Friday, April 19, 2013

Embodying an Eunuch, or Absence as a Positive Being


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The following is a transcript of a talk on ABSENCE
from the Medieval Bodies Conference at Catholic University
on April 19, 2013
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Into the Dark

Absence touches us in ways that are hard to say and may be impossible to see. It gets under our skin, rewires us, lives like shards in our heart and calls to us on sleepless nights when we think we are alone. Then we step outside look into the darkness and wonder. To ponder the night skies is to study the past; a history that lives with us today in the light of stars removed in time and space, many of whom may have long since vanished from sight. We bask each night in the visible and invisible presence of absent but very real ghosts of our universe’s deep life. The light and hidden forces of these bodies whisper to us of old friends and forgotten stories. No longer relying on our ocular impulses, our empiricism, determinism and atomic absolutes, the multiplicity of sensors, mathematics, and relativity which we now reach out in the world tell shocking tales. 

In the beginning, scientists now think, moments after the big-bang all the matter in the universe collided with all the anti-matter, obliterating everything; except a tiny fraction that held on to existence. From tiny part of the original mass, all things in our cosmos have been created (Exploritorium.edu). There is power is parts, power to persist as well as power to relate the story of all that is no longer with us; to manifest absence without becoming reduced to nothing. Now as we explore higher up and further into the heavens, we discover that instead of a void space, the darkness shines with background light, radiation left over from the initial expansion of the universe, as well as a host of black holes, dark matter and dark forces (Science.NASA.gov).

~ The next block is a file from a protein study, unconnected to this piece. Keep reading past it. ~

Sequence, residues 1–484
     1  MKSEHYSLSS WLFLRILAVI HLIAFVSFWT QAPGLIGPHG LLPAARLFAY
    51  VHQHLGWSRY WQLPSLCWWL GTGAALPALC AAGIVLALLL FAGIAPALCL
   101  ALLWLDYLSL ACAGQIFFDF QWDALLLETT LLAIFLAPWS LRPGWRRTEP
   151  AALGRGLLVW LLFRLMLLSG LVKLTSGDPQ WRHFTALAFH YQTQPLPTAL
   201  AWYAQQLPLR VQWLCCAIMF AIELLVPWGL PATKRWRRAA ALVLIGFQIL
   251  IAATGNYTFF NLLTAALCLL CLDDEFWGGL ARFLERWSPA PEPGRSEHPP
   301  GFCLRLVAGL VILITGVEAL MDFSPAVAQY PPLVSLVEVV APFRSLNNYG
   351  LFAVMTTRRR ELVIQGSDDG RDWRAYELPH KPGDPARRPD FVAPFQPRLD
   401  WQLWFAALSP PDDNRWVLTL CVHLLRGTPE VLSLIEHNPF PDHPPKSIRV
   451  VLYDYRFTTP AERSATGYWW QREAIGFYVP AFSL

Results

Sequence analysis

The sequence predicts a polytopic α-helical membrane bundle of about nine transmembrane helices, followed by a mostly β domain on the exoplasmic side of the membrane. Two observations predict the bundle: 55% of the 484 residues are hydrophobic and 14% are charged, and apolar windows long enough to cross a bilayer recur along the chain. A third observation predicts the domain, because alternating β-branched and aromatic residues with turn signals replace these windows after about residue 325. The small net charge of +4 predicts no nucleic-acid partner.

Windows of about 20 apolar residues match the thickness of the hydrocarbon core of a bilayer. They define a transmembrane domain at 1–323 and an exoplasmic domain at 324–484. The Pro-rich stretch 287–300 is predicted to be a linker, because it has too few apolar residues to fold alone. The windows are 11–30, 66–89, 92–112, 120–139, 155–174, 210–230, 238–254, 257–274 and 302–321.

We live now in a world enraptured by invisible energies moving information, connecting people, and radiating us down to our cells and seeing is no longer believing. Our angels have returned. It behooves us, as a result, to reread our ancient theaters. By returning to these stages with sensitivity to dark mysteries, those things took for nothing because they did not appear to us according to the imperial empirical gaze & enlightened subjectivity.

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Nothing Comes From Nothing

On a show night, walking alone through darkened catwalks of my highschool auditorium, fixing a few gels that had come undone in the giant light fixtures, I could feel my invisibility to the actors taking center stage below. Margins, shadows, backstage were my prerogative. Only certain bodies are certain times are given the vibrancy to announce their presence in the here and now, while the rest of us depart for the wings. In the theater hierarchy, these background workers and actors may seem like non-entities, but our disappearance doesn’t mean that we no longer have parts to play, but we retreat into the background, forgotten, letting our absence speak for us.

Man, we are told, is a product of the theater of Enlightenment; but his rise depended on absenting of his earlier (darker) twins: the part-Men, Eunuchs. Their presence has long been read from Reformation preachers to Psychoanalysis’s in negative terms; as a lack; a pre-amble; an empty signifier. An Atheist Christian, Slavoj Zizek marks a trajectory in Christianity in the Monstrosity of Christ